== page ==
Book beachfront vacation rental houses, cottages, and more on Airbnb
Guests agree: these stays are highly rated for location, cleanliness, and more.
CHARMING HOUSE W/HEATED POOL,STEPS TO BEACH UNIT BLocation! North end of Anna Maria Island . This charming two story duplex- each unit has two bedrooms , one bathroom. Rent one unit or both. Perfect for a group of extended family and friends who want their own place but still be right together as a group. Heated inground pool, steps to the Bean Point Beach . Includes beach chairs, umbrellas and all you need for a perfect day at the beach! Heated pool , private seating, grilling areas, bicycles and much more available.
Ohana Beachside Studio - 150 ft from the beachAloha and welcome to our island home. "Ohana" is Hawaiian for family and that is who you are when you stay with us. Our studio is designed for the ideal couples get away. There is a queen bed, loveseat, and spacious bathroom. The layout is similar to a hotel room. We have a 3rd floor deck guests utilize to watch the sun sink into the earth over the Gulf of Mexico or enjoy soaking up the sun. You are 150 feet from stepping into the pristine white sands and turquoise waters of the Gulf.
⭐️Escape to Anna Maria ⭐️ fischervacationrentalsWelcome to paradise! ANNA MARIA ISLAND is the first of the barrier islands located along Florida's Gulf Coast. It is about 7 miles long and 1/2 a mile wide. It is known for beautiful beaches, breathtaking sunsets and a boat load of really nice people. The number one activity in the area is to DO NOTHING AND RELAX ON THE BEACH.
With its beautiful beaches and brilliant blue waters, this seven-mile barrier island offers a nostalgic idyll on the Gulf of Mexico. Over the years, residents have proudly resisted development, so Anna Maria’s vibe is decidedly low-key, with thatched-roof open-air bars and fresh fish restaurants dotting the waterfront. Here, where the island-wide speed limit is 35 miles per hour, the pace of life is literally slower. There are three small towns on the island — Bradenton Beach in the south, Holmes Beach in the middle, and the largest, Anna Maria, in the north — each with its own charms.
Sarasota-Bradenton International Airport (SRQ) is the closest airport at 20 miles away. You can take a taxi or rent a car to carry you over one of the two bridges that connect Anna Maria Island to the mainland. Once you settle in, you may not use a car much. The island is extremely walkable, and operates a free trolley between 6 a.m. and 10 p.m. with 14 stops, including at the beaches. Many visitors also choose to rent bikes or golf carts.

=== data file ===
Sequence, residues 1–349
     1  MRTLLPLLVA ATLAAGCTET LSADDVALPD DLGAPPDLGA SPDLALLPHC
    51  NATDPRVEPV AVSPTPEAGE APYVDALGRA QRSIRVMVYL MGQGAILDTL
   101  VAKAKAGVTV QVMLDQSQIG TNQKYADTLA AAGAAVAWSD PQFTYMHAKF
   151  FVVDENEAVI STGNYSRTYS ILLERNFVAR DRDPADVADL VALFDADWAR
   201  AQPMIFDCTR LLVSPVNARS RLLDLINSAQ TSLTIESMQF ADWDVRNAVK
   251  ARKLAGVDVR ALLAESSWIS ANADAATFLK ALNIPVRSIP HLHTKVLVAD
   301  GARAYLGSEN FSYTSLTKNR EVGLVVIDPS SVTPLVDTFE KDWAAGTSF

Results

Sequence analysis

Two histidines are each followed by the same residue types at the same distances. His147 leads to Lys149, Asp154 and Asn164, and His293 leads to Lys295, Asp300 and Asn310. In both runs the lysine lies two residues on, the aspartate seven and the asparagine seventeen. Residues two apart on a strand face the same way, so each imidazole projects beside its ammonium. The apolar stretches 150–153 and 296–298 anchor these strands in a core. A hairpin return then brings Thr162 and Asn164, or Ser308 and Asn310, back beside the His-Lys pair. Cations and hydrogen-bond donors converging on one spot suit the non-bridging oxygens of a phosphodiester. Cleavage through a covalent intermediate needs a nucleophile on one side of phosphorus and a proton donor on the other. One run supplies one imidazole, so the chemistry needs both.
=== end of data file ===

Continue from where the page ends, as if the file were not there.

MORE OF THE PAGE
January through April and October through December are popular months to visit as they offer temperatures between 70 and 80 degrees Fahrenheit. April and May bring temperatures in the high 80s, and June through September can be quite hot, with temperatures in the 90s. If you opt for a sunny winter holiday, make sure to pack a layer for cooler evenings.
You won’t have trouble finding a spot for your towel on this serene beach with sand dunes and waving beach grass. Although more sedate than nearby Manatee Public Beach, which draws more crowds, Coquina Beach doesn’t scrimp on amenities. There are picnic tables, bathrooms, and a lifeguard, making it an ideal spot for families. Bring a picnic, or fuel up at the Coquina Beach Cafe, which serves breakfast, fish tacos, and — for the grown-ups — frozen drinks at its tiki bar.
Get acquainted with the island’s unique ecosystem on this short walk through Leffis Key Preserve on an elevated wooden walkway. You’ll see mangrove trees alongside thousands of native plant species. You’re also likely to spot local wildlife such as geckos, crabs, stingrays, and birds — including the remarkable frigatebird, famous for showboating males who inflate an enormous red pouch under their beaks when courting.
If you’re yearning for that Robinson Crusoe feel, Bean Point Beach is your best bet. Located on the northern tip of the island, this gorgeous stretch of sand is where the island’s founding family, chose to build their estate in 1892. Their homestead is long gone, but the beauty that drew them to the land is very much present. Off the beaten path, this public beach has no parking lots or lifeguard. What it does have is scenic splendor, a calming sense of privacy, and unobstructed sunset views.
Home to a former icehouse converted to a museum and a restored cottage built in 1920, many visitors flock to this site to snap a quirky photo at the island’s former jail, built in 1927. Its wooden roof burned in 1940, and since then it’s been reborn as a kitschy photo op.